And in case I didn’t mention this before, my wife is stunning, absolutely stunning — a perfect 10, seriously. Blondish (for maximum appeal), tallish (5’8 or ‘9 depending on the day, ‘10 with heels), long, slender legs and a runner’s tightly-defined upper body; each abdominal muscle only just visible when she takes her shirt off, which, consequently, is to say nothing at all yet of her perfect breasts — perfect in overall size, shape, suppleness. She looks almost as if she’d been painstakingly engineered in a lab for the sole purpose of incomparable and universal beauty; this, a fact I tend to relish, albeit somewhat unabashedly, since she hasn’t spent a single cent on plastic surgery in her life. Ever.
In fact, last year, long before the headaches’d started, Ashley and I were having dinner at Wolfgang Puck’s Beverly Hills steakhouse, CUT, during one of my (unfortunately) not infrequent business trips — on which Ashley joins me, when and if her schedule permits — and this wiry and vigorous-looking older gentleman literally walked up to us while we were eating and just started talking to the two of us as if we were all old friends. The man was supposedly a plastic surgeon who’d earned a great deal of notoriety in LA, though (and, this detail shouldn’t come as any real surprise), I’d admittedly never heard of him.
So anyway, he (this supposedly well-known plastic surgeon) made this deliberate, totally calculated point of altering his original camber through the restaurant to arrive at our table, specifically for the purpose of telling Ashley — and here he was just really candid, in fact — that he was, and, here I’m quoting: “typically not in the business of telling people things like this, but —” and then he did this sort of histrionic pause in the middle of his sentence because he (allegedly) “wanted to be 100 percent certain he was making himself clear,” like unequivocally so — I think he was really pausing for dramatic effect, but, anyway, here I’m quoting again: “there was absolutely nothing even [he] could do for her that would, or could, make her any more beautiful than she presently was, sitting before him” and then, turning toward me, he more or less (though without nearly the enthusiasm he’d just five seconds ago shown Ashley) said, “you are a very lucky man,” to which both of us, Ashley and I — each of us finding ourselves feeling more than a little embarrassed by this point — said, “thank you,” and then, unsure of what else we could possibly add to the wholly awkward situation at that point, utterly discomposed and blushing, we simply resumed eating. Ashley said the situation was positively awkward. That’s when it struck me that she’d been saying it more than an average amount.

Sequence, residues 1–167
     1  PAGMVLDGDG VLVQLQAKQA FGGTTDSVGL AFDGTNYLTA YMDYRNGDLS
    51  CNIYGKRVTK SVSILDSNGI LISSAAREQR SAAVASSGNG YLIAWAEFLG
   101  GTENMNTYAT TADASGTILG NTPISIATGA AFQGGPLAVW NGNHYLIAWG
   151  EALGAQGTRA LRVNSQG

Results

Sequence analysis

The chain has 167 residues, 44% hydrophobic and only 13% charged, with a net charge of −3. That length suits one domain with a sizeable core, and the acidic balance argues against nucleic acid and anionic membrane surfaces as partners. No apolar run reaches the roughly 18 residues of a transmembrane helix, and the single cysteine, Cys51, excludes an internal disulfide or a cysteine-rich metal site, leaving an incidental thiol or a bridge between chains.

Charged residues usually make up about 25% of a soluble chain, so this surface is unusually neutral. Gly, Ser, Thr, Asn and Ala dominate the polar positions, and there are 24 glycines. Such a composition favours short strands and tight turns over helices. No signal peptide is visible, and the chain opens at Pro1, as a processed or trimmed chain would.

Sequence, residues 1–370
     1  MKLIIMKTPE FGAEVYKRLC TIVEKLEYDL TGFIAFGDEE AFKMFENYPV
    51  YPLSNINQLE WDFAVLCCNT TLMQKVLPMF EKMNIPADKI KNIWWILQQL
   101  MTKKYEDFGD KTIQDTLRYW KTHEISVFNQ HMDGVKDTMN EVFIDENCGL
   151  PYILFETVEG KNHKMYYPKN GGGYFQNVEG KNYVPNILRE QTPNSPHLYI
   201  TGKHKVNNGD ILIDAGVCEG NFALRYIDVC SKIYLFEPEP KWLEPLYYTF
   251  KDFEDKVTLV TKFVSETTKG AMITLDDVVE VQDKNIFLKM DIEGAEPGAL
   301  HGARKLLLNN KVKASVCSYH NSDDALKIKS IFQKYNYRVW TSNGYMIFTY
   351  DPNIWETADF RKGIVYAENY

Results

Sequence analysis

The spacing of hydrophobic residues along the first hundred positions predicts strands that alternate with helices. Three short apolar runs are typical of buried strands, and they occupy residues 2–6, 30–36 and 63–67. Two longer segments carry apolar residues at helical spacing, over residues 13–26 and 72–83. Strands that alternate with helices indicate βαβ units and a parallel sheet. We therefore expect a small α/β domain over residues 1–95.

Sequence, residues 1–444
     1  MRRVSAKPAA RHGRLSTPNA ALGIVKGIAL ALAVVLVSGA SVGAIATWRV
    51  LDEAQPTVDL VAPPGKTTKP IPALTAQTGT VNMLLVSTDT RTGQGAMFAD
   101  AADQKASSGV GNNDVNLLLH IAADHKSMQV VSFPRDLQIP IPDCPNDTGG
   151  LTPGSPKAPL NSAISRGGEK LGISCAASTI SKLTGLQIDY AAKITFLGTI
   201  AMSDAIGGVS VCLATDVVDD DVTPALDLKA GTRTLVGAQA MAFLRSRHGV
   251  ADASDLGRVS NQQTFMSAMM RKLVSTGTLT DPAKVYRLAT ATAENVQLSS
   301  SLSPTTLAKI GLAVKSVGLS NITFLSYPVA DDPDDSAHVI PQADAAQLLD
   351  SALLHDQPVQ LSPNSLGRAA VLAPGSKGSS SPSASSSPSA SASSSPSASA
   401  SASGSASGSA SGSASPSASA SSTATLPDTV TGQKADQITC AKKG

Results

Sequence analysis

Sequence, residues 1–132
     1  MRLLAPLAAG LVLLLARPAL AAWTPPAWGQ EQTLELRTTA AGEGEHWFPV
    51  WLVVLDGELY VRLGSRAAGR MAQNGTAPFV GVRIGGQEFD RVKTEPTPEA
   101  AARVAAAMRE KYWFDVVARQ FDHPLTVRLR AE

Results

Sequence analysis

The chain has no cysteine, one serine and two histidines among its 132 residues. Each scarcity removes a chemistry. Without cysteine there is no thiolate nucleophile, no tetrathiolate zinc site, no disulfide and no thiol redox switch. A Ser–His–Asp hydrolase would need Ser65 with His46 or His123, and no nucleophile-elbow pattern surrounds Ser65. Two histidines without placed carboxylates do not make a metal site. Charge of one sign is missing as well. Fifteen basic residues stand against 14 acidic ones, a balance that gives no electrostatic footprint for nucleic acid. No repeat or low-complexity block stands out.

Though, aside from her grammar tic, it’s perhaps a gross understatement to say that, in 2006, Ashley and I were getting into our respective professions at precisely the worst possible time where the near future was concerned in the American financial and real estate sectors.
I mean, just flash forward two years.
As if the national-turned-global economic situation hadn’t deteriorated enough in 2008 (i.e. the ubiquitous public uproar and brewing maelstrom of civic opprobrium) following the comprehensive — or perhaps, more accurately, teetering-on-the-verge-of-paralyzing — media blitz that ultimately exposed the $65,000,000,000.00 mega- ponzi-scandal, masterminded and executed, by one Bernard Lawrence Madoff, a scandal that, for all intents and purposes, simply erased the investment portfolios of countless investors. Thousands of portfolios that had, at one time, held considerable numbers of investment shares essentially ceased to exist once the money’d left investors’ hands.
The very same media outlets also exposed the alleged (media outlets always use the term “alleged,” even in the face of concrete evidence, which I think is silly) use of private luxury jets to conduct various shady American banking CEOs cross-country, using fuel that’d been, more likely than not, purchased with taxpayer-remunerated government bailout money (while, working-class citizens helplessly watched their retirement accounts tank in the affectless face of near all-time high rates of unemployment) — these utterly gut-wrenching events were compounded yet again by a nightmarish, and ultimately all too realistic scenario, that forecasted the inevitable collapse of the once-believed-invincible American automotive industry. In light of all this upheaval, Americans could hardly at all be blamed for their newly-developed pessimism and ever-more cynical day-to-day dispositions, especially where their country’s financial and banking systems were concerned.